We know from the experience of MedCo that insufficient testing resulted in severe problems that were then more difficult to resolve. It was too rushed in its implementations and poor and inadequate planning led to unforeseen and unintended consequences. That must not be allowed to the Portal, even if it means further delay.
Part 2 of the reforms is also urgently needed to prevent clear loopholes emerging.
Many organisations, including insurers, make huge sums (amounting to millions of pounds) from non-fault hire and repair claims, in addition to medical reports and rehabilitation.
For example, hire companies pay referral fees to insurers to provide hire services, and the at-fault insurer pays inflated hire costs demanded by the hire company to fund the referral fee it pays to the non-fault insurer.
Competitively it is in the interests of insurance companies to maximise the amounts that at-fault insurers have to pay to their rivals.
This has been exacerbated with car repairs becoming increasingly more complex and expensive as car technology has developed.
A Telegraph investigation last year estimated that the system used by insurers representing non-fault drivers to charge rival insurers representing at-fault drivers for repair work could be worth as much as £750 million, equivalent to around 5% of annual insurance premiums.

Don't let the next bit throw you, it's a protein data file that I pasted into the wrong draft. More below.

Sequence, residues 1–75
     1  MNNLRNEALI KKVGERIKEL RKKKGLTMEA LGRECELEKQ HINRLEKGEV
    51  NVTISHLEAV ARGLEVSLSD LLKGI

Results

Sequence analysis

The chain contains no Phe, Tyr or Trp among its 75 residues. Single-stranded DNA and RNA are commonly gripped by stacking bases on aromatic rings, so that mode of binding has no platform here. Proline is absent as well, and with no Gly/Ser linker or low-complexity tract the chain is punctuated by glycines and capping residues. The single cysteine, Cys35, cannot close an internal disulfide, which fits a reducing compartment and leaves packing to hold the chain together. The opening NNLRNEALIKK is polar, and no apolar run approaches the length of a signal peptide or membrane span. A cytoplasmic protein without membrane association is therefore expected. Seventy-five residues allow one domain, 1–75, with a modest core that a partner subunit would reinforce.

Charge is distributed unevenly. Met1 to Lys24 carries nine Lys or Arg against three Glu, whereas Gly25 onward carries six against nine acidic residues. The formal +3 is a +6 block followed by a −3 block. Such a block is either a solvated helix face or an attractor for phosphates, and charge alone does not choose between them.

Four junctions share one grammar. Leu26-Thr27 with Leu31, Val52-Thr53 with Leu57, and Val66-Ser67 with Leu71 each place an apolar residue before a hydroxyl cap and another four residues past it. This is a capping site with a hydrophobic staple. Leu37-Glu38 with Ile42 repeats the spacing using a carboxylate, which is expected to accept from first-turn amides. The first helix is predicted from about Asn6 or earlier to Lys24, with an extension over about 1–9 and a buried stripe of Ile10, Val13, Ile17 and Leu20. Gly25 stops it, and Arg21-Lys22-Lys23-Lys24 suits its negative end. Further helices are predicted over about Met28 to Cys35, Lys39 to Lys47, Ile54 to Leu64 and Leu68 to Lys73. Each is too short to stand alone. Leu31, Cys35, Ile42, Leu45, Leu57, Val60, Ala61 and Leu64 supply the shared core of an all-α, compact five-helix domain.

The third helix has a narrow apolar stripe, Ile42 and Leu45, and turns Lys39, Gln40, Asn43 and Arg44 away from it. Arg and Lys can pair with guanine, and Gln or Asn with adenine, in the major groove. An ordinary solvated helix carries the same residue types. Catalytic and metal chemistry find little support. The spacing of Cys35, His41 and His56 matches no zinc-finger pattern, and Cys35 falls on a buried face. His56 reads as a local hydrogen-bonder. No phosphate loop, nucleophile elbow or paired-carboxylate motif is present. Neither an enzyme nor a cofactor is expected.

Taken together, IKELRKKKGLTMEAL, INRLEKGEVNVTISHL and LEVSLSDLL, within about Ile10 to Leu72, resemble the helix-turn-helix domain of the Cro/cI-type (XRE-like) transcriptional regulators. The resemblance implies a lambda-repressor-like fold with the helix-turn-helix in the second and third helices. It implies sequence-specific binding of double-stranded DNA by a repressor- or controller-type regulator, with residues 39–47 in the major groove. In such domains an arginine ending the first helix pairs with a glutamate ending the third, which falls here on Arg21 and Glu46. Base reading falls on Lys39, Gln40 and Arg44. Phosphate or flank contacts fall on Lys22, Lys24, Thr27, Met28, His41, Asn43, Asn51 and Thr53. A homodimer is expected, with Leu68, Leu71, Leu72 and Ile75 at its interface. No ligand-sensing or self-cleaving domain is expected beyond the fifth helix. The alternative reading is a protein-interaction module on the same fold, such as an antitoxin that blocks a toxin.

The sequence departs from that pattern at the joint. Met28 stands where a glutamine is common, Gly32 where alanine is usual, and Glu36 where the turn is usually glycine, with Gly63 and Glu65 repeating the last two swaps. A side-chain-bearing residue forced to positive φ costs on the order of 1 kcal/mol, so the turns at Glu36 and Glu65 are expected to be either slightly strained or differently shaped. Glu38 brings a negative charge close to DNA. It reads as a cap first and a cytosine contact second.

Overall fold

MoJ should publish Part 2 of the reforms without further delay and make progress on addressing some of the wider problems in the sector.
The insurance sector has a poor history of passing cost savings to consumers and does not maintain promised cost savings to consumers following short term reductions, as happened following LASPO.
When insurance companies claim that the cost of motor insurance has reduced, they are usually only referring to new business only, ignoring the automatic premium increases applied on renewals.
Any “savings” for consumers are likely to be very small. Most will be consumed by the likely additional costs to insurers of having to deal directly with many of their premium holders.
No-one should be under any illusion, there will always be another and another excuse for increasing motor insurance premiums.
Over the summer, MASS called upon the Government to go further than simply reporting – way in the future – on savings passed back to consumers.
Now is the time to consider stronger measures to help and protect insurance consumers to get a better deal from insurers.
Serious consideration should now be given to how consumers can benefit from limiting future unjustifiable price increases in insurance premiums, encouraging greater switching of premiums and limiting price increases on automatic premium renewals.
The Financial Conduct Authority (FCA) should consider the potential viability of a relative price cap on future increases in insurance premiums.
If consumers can benefit from a price cap in the energy sector, then it should be perfectly possible in the insurance market to benefit consumers by limiting premium increases.